“If we can’t live in peace, then let’s die in peace” - The Peoples Temple

Cult leader Jim Jones promised his followers that their suicides would be preferable over living in the capitalist world. Who is he? And how did he convince so many people to follow him?

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Photo credit belongs to Nancy Wong

The 1979 Jonestown massacre claimed the lives of more than 900 people. Cult leader Jim Jones promised his followers that their suicides would be preferable over living in the capitalist world. Who is he? And how did he convince so many people to follow him? 

Jones was born in rural Indiana into poor conditions in 1931. From an early age on, he had become invested in Communist theory and religion, struggling to make friends. His father was a member of the white supremacist Ku Klux Klan, causing them to clash on racial issues. 

As a young adult, Jones was eager to spread Marxist ideology. His idea: infiltrate the church. He made contacts with spiritual leaders and civil rights groups and following a religious convention that he attended, he launched his own church in 1956, called the Peoples Temple Christian Church Full Gospel. 

Studying historical leaders on how to manipulate members, they regularly faked healing ceremonies in order to raise money. 

The Peoples Temple’s crucial characteristic was its inclusion of people of colour. Jones, disgusted by racial segregation in the U.S., opened the doors to African Americans, radically supporting their advancements in gaining civil rights.  

In the 1970s the Peoples Temple relocated to San Francisco, becoming an important part of America’s countercultural movement and gaining considerable political influence among other organisations. 

The increased exposure led to increased scrutiny, with publications laying bare physical, emotional and sexual abuse against temple members, and other crimes perpetrated by Jones and higher-ups in the Temple.  

Following this exposé, Jones and the Peoples Temple fled the US to the jungle of Guyana, South America in 1977.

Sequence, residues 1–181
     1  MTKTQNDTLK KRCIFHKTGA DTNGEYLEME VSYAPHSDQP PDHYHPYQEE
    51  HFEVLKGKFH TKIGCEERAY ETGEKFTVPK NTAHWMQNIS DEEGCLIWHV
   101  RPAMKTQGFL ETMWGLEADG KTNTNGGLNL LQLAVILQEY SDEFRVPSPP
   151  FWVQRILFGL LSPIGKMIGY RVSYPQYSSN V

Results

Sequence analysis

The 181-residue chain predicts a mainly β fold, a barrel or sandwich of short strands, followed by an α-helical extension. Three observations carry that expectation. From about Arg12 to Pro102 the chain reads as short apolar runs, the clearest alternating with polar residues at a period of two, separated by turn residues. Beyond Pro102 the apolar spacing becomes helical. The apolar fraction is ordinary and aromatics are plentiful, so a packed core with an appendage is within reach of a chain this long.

The Peoples Temple Agricultural Project, or Jonestown, was Jones’ vision of a model socialist community. Claiming that the CIA was conspiring to destroy Jonestown, the Peoples Temple rehearsed mass suicides on at least two occasions, during what Jones referred to as “white nights”. 

On 18th November 1979, in an attempt to flee Jonestown and return to the U.S., the Temple’s guards opened fire, killing members, journalists and a San Francisco congressman who came to investigate. Later that evening, all members were asked to gather for a meeting. Jones, paranoid that U.S. intelligence organisations would “parachute” into Jonestown to torture and kill everybody, urged the Peoples Temple to commit a “revolutionary suicide” to protest the condition of the world. 

The event is captured on a haunting 44-minute long audio tape (available online) in which resistance from some members can be heard before all were made to drink cyanide-laced, grape-flavoured Kool-Aid . Some did voluntarily, some were forced. 304 children died within minutes, 605 adults less than an hour later. Jim Jones himself was found dead with his head on a pillow and a gunshot wound to his temple, likely self-inflicted. The harrowing event remains the second greatest loss of American civilian lives in a single incident, just behind 9/11. 


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